More than 5,000 ballots still to be counted in Anchorage election

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More than 5,000 ballots in any case need to be counted in Anchorage’s city election Tuesday, officials declared, a situation that could affect several tight races, filing South Anchorage Assembly, an Anchorage School Board seat and the persuasion bond ckage.

Deputy city clerk Amanda Moser held Wednesday that elections officials had recorded about 2,000 of 3,300 absentee by-mail ballots sent out to voters. She also required a “significant” number of absentee in-person votes have yet to be counted, on top of pumped and special-needs ballots. Mailed in ballots had to be postmarked by Tuesday, election day.

More results will be posted later this week, able starting Thursday, Moser said.

It wasn’t immediately clear how much was at move on for the Assembly races. Moser said she didn’t yet know the district nervous breakdown for the absentee ballots.

Four of the Assembly contests — in Chugiak-Eagle River, West Anchorage, East Anchorage and Midtown — were firm by more than 1,000 votes. But in South Anchorage, the margin was slim. With all but absentee and call ined ballots counted, John Weddleton was leading Treg Taylor by 290 desire supports.

A Girdwood-only proposition authorizing a tax for police was even tighter. With absentee and questioned ballots at rest to be counted, the proposition was failing by just four votes.

At Election Dominant Tuesday night, Weddleton was upbeat, though he stopped short of protesting victory. On Wednesday, in a telephone interview, he sounded surprised to hear the bevy of remaining ballots.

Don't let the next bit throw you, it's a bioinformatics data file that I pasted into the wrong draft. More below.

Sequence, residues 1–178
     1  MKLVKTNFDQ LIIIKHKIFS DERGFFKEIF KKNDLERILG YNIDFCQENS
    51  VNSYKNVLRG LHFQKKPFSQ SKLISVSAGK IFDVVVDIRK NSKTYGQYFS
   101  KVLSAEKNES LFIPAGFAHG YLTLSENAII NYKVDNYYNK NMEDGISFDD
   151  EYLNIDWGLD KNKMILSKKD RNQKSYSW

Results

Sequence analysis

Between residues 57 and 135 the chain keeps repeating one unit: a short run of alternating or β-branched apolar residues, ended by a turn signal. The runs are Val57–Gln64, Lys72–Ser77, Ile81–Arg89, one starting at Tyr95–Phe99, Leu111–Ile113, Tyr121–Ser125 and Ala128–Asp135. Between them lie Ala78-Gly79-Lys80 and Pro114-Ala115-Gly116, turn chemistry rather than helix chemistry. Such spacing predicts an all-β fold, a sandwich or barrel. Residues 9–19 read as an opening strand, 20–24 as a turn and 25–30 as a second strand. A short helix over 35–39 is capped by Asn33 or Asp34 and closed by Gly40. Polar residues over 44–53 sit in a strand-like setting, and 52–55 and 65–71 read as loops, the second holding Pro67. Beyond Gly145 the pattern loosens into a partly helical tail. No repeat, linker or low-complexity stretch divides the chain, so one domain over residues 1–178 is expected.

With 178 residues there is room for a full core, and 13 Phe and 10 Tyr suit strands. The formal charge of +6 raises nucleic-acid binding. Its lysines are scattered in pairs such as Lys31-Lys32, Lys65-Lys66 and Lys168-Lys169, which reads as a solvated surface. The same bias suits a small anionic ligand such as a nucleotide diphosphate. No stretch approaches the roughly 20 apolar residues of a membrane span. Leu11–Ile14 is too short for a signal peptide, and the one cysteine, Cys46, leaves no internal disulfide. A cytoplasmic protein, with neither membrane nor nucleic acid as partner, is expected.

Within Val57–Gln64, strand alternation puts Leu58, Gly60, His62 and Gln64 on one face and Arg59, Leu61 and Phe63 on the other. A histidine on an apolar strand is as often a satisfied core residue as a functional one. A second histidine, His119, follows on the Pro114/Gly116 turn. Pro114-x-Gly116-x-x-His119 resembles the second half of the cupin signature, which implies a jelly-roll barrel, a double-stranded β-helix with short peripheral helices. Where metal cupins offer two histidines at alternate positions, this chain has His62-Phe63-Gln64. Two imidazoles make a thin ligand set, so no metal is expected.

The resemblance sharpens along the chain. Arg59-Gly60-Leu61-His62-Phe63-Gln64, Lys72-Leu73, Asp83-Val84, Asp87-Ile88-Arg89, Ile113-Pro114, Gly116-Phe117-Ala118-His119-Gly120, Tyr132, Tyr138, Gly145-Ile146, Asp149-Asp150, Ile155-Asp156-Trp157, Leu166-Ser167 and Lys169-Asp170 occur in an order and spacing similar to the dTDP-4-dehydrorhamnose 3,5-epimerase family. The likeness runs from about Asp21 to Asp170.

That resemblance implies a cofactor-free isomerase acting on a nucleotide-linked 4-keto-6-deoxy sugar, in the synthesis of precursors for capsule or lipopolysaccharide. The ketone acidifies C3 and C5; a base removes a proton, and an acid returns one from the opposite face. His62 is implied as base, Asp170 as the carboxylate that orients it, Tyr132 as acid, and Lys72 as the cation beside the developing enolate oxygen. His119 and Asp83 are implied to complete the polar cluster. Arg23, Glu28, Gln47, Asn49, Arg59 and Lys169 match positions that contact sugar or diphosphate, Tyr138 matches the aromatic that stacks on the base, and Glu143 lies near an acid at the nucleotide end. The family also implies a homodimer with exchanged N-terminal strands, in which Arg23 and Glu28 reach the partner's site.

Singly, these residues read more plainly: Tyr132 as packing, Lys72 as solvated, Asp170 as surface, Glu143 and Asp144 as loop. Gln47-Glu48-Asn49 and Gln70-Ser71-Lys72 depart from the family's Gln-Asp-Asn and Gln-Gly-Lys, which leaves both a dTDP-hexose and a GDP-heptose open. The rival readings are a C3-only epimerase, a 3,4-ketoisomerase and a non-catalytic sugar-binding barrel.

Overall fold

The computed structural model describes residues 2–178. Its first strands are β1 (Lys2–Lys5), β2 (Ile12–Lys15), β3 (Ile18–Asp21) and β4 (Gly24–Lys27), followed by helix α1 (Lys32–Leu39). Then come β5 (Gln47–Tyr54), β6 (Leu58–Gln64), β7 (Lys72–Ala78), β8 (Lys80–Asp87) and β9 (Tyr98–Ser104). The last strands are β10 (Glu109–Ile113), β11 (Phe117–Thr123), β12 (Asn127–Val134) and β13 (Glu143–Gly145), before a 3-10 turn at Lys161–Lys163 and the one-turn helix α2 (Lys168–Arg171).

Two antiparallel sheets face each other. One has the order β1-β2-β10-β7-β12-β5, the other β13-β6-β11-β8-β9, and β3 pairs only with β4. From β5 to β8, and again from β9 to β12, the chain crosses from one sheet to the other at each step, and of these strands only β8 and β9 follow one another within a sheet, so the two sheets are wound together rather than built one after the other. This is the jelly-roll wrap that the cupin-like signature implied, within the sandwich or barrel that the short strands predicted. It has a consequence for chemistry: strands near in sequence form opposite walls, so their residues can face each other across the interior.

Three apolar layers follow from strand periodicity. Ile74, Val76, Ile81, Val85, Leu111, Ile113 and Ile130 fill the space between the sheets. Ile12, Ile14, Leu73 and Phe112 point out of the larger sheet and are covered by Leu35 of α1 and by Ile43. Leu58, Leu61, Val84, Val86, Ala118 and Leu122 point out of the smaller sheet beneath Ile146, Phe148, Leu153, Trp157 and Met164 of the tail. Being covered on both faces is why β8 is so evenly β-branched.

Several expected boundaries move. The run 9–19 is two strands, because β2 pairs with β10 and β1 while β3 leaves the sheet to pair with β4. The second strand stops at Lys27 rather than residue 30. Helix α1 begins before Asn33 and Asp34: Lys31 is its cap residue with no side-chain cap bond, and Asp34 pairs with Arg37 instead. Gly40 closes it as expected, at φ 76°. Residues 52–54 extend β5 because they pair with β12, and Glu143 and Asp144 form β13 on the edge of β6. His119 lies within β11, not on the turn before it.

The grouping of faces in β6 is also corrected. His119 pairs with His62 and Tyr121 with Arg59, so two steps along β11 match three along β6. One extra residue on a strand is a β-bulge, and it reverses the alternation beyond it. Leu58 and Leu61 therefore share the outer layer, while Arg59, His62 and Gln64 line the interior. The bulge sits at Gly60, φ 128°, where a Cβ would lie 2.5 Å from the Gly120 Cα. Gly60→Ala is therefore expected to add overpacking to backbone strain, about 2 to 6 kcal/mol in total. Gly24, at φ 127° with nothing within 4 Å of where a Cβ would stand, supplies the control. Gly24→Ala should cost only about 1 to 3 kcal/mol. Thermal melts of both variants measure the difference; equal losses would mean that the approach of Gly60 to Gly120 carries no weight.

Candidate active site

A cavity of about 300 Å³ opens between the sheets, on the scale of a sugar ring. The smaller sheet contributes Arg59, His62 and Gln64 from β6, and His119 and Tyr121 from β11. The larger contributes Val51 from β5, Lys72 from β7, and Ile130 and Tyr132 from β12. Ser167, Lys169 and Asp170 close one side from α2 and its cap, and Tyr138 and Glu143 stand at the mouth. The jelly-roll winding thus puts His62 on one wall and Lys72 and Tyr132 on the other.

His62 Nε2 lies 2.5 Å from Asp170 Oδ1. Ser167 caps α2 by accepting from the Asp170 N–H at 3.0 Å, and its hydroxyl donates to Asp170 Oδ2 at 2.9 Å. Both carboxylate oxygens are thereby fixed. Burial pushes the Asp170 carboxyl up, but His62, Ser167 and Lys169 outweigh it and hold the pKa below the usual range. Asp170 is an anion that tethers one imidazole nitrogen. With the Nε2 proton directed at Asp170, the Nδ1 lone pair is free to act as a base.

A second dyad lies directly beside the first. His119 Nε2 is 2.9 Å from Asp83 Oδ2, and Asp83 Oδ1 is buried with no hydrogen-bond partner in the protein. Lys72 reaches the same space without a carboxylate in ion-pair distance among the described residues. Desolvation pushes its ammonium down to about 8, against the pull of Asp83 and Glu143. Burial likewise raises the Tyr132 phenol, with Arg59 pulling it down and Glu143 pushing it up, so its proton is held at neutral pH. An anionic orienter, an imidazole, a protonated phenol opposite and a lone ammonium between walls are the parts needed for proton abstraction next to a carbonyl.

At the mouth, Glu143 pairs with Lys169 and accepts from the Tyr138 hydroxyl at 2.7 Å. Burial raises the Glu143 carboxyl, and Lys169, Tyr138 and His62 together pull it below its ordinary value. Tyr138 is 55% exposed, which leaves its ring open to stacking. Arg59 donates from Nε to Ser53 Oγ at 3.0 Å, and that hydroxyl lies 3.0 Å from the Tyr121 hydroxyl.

“Yeah, that’s a lot,” Weddleton said. He added: “I haven’t put my laurels on yet.”

Taylor mean Tuesday night that he was hoping the uncounted absentee ballots would toss the outcome. He was heavily favored in the absentee by-mail ballots counted so far.

Area-wide zips could see a more substantial im ct — by Wednesday, only 379 votes disconnected the two top candidates for Seat B on the school board.

Kay Schuster, a special education trust in chair with the Anchorage School District, led the that race with 12,654 sponsors. Starr Marsett, a real estate agent who serves on several drill district committees, had 12,275 votes.

The divide between the “yes” and “no” votes for the seminary bond proposition was wider. By Wednesday, 1,024 more voters had jettisoned the proposition, which totaled nearly $49.3 million.

The bond resolution y for new roofs and new surveillance cameras at Anchorage public schools. It would also y for new adherents buses and energy upgrades, among a list of other projects.

Anchorage Secondary District Superintendent Ed Graff said he didn’t have much antici te that the proposition would ss. He said the district would run a post-bond public opinion survey to better understand what inspected wrong.

“We’re kind of seeing it as a no vote at this point and if it changes, cardinal. We’ll be pleased,” he said.

Graff said a number of factors could maintain led to voters rejecting the proposition. It could have been the total dollar amount on the stick was too high, he said, or voter concern about the financial uncertainty in the shape or the lack of state reimbursement for the bonds as occurred before the state ruined billions in oil-tax revenue.

“They’re all things we’re looking at,” he said.

Scratching for school bonds took a turn last year when the Alaska Legislature voted to visit state reimbursement for five years, meaning tax yers would procure to take on the full debt. If the bond ssed, taxes would extension by $32.58 for a property assessed at $300,000.

In the st four elections, voters hold ssed the school bonds. In 2011, they ssed one of three drill bonds. In 2010, the school district didn’t put any bonds on the ballot.

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